September 3, 2013
No matter how much we read about global warming what we still might be faced with is just the opposite, which is global cooling.
I have been writing about global cooling for years in the face of the 'manmade' hysteria of global warming. I have to admit that there have been several moments when I thought I was perhaps in error when we read the news about sweltering temperatures but at heart and in my mind I have stayed the course of my beliefs in the science that suggests our troubles are not going to be what public officials fear.
The entire conversation between global warming and global cooling has been overtaken by the reality, conceded by all today, that we are in the midst of violent climate change.
There are some places in the world that never seem to change, and in the two different places I live in Brazil such is the case.
So one might wonder why I have been so passionate about global cooling. Well it is my passion for truth and science, neither of which show their beautiful heads in public media.
One way or another humanity is being served up on a plate of violent climate change and current trends promise to continue and perhaps get dramatically worse. We are just in the beginning phases yet already only the blind, deaf and dumb cannot see or feel the rising threat, even if it’s not happening in your neighborhood.
The Peruvian government has extended to nine more regions a state of emergency called to cope with unusually cold weather and heavy snowfall.
The BBC is already previewing all of this,
The latest news from Accuweather from the US says,
What caught my attention, provoking me to write this essay, was another communication from Accuweather about the possible explanation for the current cooling trend.
It was no surprise to me that they are talking about how large volcanic eruptions have been known to influence climate. They were talking about the June eruption of Mount Sheveluch in Russia.
Experts continue to compare this eruption to others from history and debate whether it could have induced the cooler Midwestern weather.
When a volcano erupts, if it is large enough, it can send debris miles into the stratosphere.
The stratosphere is the atmosphere above where weather takes place, approximately 6-8 miles off the ground. Debris sent into the stratosphere by an eruption can include volcanic ash, chemicals and gases, specifically sulfur.
This debris can influence temperatures by aiding in a decreased amount of solar radiation. However, this is only the initial effect, the large effects of an eruption are not always immediate.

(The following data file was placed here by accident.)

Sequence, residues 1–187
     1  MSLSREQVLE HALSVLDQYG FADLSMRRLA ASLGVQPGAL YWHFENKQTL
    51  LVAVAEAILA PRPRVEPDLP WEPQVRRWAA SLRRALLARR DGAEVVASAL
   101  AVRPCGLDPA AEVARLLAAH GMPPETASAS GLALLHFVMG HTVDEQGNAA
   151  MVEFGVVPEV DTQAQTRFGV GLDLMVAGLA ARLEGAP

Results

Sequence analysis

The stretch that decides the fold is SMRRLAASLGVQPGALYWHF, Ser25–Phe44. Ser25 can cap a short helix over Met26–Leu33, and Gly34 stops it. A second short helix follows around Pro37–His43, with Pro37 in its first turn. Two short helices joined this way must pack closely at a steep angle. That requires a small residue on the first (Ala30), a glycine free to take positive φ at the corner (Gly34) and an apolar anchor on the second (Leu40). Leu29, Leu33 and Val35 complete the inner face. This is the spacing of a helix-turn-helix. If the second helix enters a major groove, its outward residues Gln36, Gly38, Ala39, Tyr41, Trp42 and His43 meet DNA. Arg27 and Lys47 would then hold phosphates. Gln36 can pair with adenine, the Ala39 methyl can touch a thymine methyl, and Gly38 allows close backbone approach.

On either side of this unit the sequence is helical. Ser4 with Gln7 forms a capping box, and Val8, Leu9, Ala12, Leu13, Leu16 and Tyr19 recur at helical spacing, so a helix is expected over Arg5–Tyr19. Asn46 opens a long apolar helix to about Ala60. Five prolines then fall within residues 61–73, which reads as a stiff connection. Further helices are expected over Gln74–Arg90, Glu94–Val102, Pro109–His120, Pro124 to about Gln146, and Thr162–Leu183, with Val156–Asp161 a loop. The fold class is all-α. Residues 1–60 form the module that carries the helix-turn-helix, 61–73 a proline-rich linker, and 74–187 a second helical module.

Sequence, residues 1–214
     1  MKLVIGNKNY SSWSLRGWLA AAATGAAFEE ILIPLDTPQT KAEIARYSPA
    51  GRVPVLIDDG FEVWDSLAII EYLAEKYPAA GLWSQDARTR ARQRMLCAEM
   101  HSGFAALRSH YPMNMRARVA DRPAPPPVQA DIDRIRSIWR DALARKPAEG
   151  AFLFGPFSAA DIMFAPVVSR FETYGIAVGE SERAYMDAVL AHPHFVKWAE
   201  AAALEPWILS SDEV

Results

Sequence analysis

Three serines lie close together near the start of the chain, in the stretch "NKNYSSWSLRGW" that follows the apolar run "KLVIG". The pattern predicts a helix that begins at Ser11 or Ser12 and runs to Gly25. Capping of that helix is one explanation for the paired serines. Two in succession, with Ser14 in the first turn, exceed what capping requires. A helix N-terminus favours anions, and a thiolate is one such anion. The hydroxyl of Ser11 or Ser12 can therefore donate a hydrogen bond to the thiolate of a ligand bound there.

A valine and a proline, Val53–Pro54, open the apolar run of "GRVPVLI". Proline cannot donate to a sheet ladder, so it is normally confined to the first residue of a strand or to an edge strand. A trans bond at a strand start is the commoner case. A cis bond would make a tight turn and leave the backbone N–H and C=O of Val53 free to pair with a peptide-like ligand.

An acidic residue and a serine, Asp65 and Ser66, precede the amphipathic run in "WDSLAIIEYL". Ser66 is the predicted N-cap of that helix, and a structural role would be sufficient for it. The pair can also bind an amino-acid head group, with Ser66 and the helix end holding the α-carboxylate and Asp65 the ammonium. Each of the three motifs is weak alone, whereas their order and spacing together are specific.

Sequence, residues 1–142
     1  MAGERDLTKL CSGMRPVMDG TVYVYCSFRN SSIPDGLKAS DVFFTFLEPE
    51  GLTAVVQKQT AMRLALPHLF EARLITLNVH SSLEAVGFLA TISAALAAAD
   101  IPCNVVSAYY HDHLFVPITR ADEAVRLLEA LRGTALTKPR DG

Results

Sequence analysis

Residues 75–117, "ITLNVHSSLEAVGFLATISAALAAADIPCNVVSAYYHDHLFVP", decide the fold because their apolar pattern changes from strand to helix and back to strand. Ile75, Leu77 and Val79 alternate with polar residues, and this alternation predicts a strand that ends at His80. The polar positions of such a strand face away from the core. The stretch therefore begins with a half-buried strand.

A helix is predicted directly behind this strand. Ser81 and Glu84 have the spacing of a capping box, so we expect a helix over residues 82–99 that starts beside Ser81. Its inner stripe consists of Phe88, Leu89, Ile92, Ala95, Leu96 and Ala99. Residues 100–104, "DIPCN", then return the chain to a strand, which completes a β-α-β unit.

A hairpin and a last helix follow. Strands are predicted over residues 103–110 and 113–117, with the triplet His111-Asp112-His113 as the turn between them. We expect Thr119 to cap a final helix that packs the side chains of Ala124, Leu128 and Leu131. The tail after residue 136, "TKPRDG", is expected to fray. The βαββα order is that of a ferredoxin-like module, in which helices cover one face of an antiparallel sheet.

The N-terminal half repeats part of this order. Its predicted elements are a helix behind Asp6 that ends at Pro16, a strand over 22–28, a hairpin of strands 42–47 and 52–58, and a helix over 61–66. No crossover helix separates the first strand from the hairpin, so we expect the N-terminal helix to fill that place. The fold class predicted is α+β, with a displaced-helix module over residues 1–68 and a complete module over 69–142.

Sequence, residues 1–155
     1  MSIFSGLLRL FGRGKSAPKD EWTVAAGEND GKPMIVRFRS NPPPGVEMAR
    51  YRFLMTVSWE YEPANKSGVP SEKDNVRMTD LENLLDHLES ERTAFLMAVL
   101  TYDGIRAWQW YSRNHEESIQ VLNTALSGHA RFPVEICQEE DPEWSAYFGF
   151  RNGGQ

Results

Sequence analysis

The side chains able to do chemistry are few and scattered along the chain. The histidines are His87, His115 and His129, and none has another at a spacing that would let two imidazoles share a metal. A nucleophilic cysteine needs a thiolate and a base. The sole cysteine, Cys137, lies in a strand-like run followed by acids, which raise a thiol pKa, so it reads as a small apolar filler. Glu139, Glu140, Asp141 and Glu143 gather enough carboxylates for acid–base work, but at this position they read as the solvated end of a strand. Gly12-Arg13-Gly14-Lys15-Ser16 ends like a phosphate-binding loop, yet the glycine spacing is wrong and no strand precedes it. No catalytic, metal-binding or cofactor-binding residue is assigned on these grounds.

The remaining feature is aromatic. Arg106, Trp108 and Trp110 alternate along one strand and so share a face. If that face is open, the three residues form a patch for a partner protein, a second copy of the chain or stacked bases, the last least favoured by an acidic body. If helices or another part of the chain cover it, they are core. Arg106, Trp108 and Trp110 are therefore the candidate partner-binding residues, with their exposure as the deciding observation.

Following an eruption, debris can build in the stratosphere over time and linger for years after.
Large volcanic eruptions release various kinds of debris into the stratosphere, which can increase cloud cover, rainfall and cool surface temperatures. (Evelyn Browning-Garriss, the Browning Newsletter)
I am afraid though that Accuweather and even Evelyn Browning-Garriss are not focusing on the full threat.
Scientists reported increased activity at one of Alaska’s largest volcanoes last Friday. The Alaska Volcano Observatory reported increased activity, including lava fountaining and ash emissions up to 20,000 feet.
The day before we had reports that Japan’s Sakurajima volcano (image at the top) blasted 100,000 tons of ash more than five kilometers into the sky, reminding surrounding communities of its power and volatility.
The week before we read from Guatemala that a major eruption occurred. Starting at 17:45 (local time), the top part of the Caliente lava dome collapsed and produced a series of relatively large pyroclastic flows and explosions. Ash plumes rose more than 2 km to elevations of 4 km altitude.
The cause of the eruption was likely the accumulation of pressurized magma and gas under the dome composed of viscous (solid) lava. The pyroclastic flows affected mainly the south, southeast and NNE sides.
'Bombs' from explosive activity were ejected to distances of 500 m.
Skipping over many more minor eruptions and many severe earthquakes, sinkholes and record rain falls and flooding in Russia and the Philippines, we go back only twenty days to Indonesia:
A volcano eruption in central Indonesia has spewed hot ash and rocks high into the air and left six people dead. Mount Rokatenda, on the tiny island of Palu'e, sent fast-moving red-hot ash onto a nearby beach, leaving three adults and two children dead.
And if that were not enough today we read and see about another Guatemalan volcano blowing it top:
A phase of increased lava flow activity occurred this morning from about 6 am local time, generating a series of pyroclastic flows that descended several ravines on different, but mostly the southwestern side of the volcano.
The volcano has been in moderate effusive activity for at least the past two weeks, feeding relatively small lava flows on the upper steep slope.
A sudden increase in effusion rate seems to have caused the destabilization of the lava flows, generating rock falls that turned into pyroclastic flows. The lava flows have quickly increased from previously 200 m to about 2 km length.
The surge of magma supply is also suggested by the appearance of strong tremor pulses the previous night. In the meanwhile, explosive (strombolian) activity from the summit vent has remained weak. An ash plume rising as a by-product of the pyroclastic flows was reported to about 12,000 ft (3.6 km) altitude.
I have not counted lately but there have been about 60 volcanoes blowing their tops in the past year or two but who’s counting? Add all the plumes and we have a considerable amount of material floating around the atmosphere blocking out the warming rays of the sun.
Thank God for Global Warming for without it we might already be in a deep freeze.